Formlabs goes all out for third gen SLA Form 3 machines

Published 02 April 2019

Posted by Al Dean

Article tagged with: 3d printing, materials, tech, formlabs, sla, resin

Go big or go home comes to mind when looking at Formlabs’ announcements today: The Boston-based SLA and SLS machine developer has announced the third generation of its Form stereolithography machines which have found a home on the desktops of designers and engineers across the planet.

The new range features the Form 3, a desktop sized unit in the vein of previous machines, alongside the much larger Form 3L, which features a build size of 200 x 335 x 300 mm (7.9 x 13.2 x 11.8 in).

The Form 3 range is built on a process developed by Formlabs that differs from its previous iterations. Named Low Force Stereolithography (LFS), it uses a newly designed tank with a flexible base that aims to “drastically reduce the forces of the peel process, providing incredible surface finish and detail, and linear illumination to deliver accurate, repeatable parts.”

This new process is key to both the desktop Form 3, with its build envelope of 145 × 145 × 185 mm (5.7 × 5.7 × 7.3 in) as well as the larger, dual laser Form 3L unit. Formlabs’ machines to date, along with most SLA machines that build in an inverted manner (where the light source is projected through the resin tank onto the build platform) suffer from the same issue.

Each layer is built by the machine solidifying the resin between the resin tray and the build platform (which controls the layer thickness). Once done, to needs to separate from the base plate to draw in a fresh layer of resin using capillary action - referred to as the Peel process.

There are a number of methods of doing this. The Formlabs machines to date have tilted the rigid glass-based resin tray away while the build plate moves incrementally upwards. Autodesk’s short lived Ember machines slid the glass plate away from the solidified resin in a rotary motion.

The issue is that this process can cause suction between the solid part and the base plate - particularly when building large cross sections in a layer (this is why set-up software will typically angle your part to 45 degrees).

Anyone that’s run a Formlabs or similar machine and heard that gut wrenching clunking noise usually knows there’s trouble ahead.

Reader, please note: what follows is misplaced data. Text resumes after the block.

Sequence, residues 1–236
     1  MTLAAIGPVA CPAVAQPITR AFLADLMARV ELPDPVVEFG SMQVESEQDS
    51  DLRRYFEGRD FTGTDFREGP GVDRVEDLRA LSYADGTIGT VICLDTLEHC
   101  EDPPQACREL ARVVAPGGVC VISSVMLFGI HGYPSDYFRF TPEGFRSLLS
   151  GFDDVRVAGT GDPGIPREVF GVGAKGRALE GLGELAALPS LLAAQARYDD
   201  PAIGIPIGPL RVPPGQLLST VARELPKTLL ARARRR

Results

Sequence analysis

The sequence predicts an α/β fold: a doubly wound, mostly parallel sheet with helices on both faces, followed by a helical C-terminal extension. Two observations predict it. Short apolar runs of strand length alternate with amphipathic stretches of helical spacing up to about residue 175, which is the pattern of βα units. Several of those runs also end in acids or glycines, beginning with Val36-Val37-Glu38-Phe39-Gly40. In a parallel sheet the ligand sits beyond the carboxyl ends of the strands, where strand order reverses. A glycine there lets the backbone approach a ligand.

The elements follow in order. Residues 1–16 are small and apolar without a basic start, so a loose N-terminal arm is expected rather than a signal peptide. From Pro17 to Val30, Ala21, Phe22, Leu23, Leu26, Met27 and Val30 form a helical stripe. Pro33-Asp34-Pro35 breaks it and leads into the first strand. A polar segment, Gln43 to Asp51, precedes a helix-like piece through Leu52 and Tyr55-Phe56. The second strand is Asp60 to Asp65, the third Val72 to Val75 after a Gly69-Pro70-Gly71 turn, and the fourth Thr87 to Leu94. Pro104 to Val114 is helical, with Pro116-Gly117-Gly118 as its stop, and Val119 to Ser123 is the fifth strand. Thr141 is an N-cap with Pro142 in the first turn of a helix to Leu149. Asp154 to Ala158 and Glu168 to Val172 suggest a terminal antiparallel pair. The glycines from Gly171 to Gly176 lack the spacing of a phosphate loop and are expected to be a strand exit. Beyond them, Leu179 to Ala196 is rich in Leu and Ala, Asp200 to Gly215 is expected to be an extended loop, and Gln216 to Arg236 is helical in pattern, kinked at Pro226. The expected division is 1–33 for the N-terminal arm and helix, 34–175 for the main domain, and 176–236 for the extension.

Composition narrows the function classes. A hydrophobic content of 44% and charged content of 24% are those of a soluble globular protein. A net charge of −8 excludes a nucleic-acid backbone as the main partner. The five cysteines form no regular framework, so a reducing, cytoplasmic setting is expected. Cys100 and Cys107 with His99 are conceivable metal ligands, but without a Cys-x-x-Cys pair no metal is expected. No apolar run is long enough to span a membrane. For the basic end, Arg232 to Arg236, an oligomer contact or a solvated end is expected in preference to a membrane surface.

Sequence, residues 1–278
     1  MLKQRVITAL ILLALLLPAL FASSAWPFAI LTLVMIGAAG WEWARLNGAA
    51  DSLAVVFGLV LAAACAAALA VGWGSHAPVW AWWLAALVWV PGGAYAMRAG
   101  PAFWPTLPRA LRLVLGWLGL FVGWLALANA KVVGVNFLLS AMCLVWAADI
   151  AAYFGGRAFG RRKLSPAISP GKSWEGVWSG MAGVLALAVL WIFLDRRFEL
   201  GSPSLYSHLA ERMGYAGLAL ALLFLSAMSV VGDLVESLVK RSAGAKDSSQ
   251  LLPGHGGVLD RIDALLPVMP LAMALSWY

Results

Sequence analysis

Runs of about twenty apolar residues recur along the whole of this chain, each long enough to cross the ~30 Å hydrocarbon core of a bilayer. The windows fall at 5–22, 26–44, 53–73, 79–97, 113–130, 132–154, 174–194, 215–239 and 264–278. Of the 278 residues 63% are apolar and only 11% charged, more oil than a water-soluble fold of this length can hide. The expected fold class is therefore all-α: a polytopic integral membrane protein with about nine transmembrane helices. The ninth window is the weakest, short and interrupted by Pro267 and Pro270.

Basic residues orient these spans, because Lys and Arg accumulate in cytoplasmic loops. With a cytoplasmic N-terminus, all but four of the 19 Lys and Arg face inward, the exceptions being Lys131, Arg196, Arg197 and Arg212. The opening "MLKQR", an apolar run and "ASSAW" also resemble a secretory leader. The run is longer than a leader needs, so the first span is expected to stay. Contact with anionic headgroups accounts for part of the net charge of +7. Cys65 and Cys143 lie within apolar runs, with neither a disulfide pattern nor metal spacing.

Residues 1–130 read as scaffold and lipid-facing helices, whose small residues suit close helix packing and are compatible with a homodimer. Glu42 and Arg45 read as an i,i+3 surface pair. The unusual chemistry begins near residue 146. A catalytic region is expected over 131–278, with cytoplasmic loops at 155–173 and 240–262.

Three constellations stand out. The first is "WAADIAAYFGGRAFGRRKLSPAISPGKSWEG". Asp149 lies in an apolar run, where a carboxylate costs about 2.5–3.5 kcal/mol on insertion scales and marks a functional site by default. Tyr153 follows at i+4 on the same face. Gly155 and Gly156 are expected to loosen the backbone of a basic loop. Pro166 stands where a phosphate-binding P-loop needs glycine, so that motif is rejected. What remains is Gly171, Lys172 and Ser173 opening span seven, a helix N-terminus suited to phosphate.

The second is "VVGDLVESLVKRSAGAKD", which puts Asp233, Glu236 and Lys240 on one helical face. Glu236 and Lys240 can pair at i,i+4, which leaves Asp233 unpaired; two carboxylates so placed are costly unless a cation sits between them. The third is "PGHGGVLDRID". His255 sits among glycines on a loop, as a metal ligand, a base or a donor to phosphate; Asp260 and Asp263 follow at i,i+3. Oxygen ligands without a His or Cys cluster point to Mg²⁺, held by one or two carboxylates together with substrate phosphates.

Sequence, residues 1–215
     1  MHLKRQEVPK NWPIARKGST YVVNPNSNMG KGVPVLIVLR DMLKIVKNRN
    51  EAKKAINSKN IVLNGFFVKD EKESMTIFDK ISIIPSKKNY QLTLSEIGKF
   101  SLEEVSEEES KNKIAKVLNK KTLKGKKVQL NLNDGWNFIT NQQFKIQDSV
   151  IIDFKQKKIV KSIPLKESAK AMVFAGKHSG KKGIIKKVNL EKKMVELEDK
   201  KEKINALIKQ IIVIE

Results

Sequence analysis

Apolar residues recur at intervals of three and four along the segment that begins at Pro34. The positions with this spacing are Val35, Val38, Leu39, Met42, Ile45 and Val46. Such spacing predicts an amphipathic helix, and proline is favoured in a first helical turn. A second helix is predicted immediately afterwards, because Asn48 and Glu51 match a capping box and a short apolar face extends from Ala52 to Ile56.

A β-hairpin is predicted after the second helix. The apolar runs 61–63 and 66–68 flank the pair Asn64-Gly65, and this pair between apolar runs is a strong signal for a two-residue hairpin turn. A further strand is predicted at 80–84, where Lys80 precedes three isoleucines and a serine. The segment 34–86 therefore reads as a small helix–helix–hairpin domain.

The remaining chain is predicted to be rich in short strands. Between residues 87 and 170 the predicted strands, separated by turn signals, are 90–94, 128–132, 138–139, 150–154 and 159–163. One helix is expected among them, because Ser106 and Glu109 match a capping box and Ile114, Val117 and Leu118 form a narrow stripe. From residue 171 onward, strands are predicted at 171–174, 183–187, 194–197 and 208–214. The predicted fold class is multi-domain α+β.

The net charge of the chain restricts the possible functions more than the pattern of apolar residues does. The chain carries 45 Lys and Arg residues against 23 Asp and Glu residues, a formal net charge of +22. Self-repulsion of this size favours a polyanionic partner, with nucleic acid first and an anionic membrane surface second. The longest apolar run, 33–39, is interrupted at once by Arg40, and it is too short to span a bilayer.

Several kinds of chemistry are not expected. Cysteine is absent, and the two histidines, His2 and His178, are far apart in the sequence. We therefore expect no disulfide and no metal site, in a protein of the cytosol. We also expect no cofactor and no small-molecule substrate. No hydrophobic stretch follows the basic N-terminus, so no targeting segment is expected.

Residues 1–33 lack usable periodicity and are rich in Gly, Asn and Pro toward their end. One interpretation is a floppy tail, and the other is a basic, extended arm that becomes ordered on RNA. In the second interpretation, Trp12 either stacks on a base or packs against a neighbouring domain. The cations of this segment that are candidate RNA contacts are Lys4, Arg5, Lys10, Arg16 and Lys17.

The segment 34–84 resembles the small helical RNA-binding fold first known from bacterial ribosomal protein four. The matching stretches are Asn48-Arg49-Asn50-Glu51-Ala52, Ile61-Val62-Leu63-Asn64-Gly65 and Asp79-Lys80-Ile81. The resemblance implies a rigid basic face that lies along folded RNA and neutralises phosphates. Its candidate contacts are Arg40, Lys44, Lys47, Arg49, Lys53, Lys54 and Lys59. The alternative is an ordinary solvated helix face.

As a minimum, the machine works harder to break the suction, so there’s a clunk as it pops away (meaning surface quality is affected - usually with ridges on the parts surface).

Worse case is that either the part sticks to the resin tray and breaks away from the build platform or the two are stuck together - either way, it’s a nightmare.

There’s a nice article on Formlabs’ support pages that explains this and how to circumvent/avoid it which is applicable to most similar machines.

For the Form 3 machines, Formlabs is using a flexible resin tray base so that it can overcome the suction more consistently, but interestingly, it’s also moving the light processing mechanism and optics across the surface of that resin tray - which looks very different to how other systems are operating - it’s worth taking a look at the in-depth video.


What’s really interesting is how has allowed Formlabs to scale up the technology from the desktop sized unit (which has the same XY footprint, but an extra 10mm build allowance in Z) to a much larger unit. The Form 3L looks to be applying the same low cost of entry as Formlabs has done to date, but with some serious upgrades in terms of part size capability (or indeed, part count for small components) - in fact, five-times the build volume. It’s doing this by using a matching pair of the light mechanism and optics units.

Lastly, while the operation of the machines look similar to those before it, there’s also a nice new option in the materials side.

The new Draft Resin allows you to build in much larger layers (300 microns compared to 25 to 100 microns with other materials) , allowing you to build parts more quickly - with the assumption you’re happy with a drop in resolution.

If you want to talk costs, here are some options:

The basic Form 3 package is $3,499 which includes the Form 3 3D Printer, a finish kit (think, collection of Tupperware, some tools and bits and bobs), a single build platform, resin tank. Worth noting, no resin supplied with this option.

The Form 3 Complete Package adds another $1,500 and adds in Formlab’s own Form Wash and Cure devices for post processing (avoiding use of said Tupperware and tools), an extended service plan, extended warranty and a resin cartridge. The Form 3 is due to ship in June 2019.

The larger Form 3L is only available as a base package as yet, but it’s coming in at $9,999 and is expected to begin shipping in Q4 of this year.

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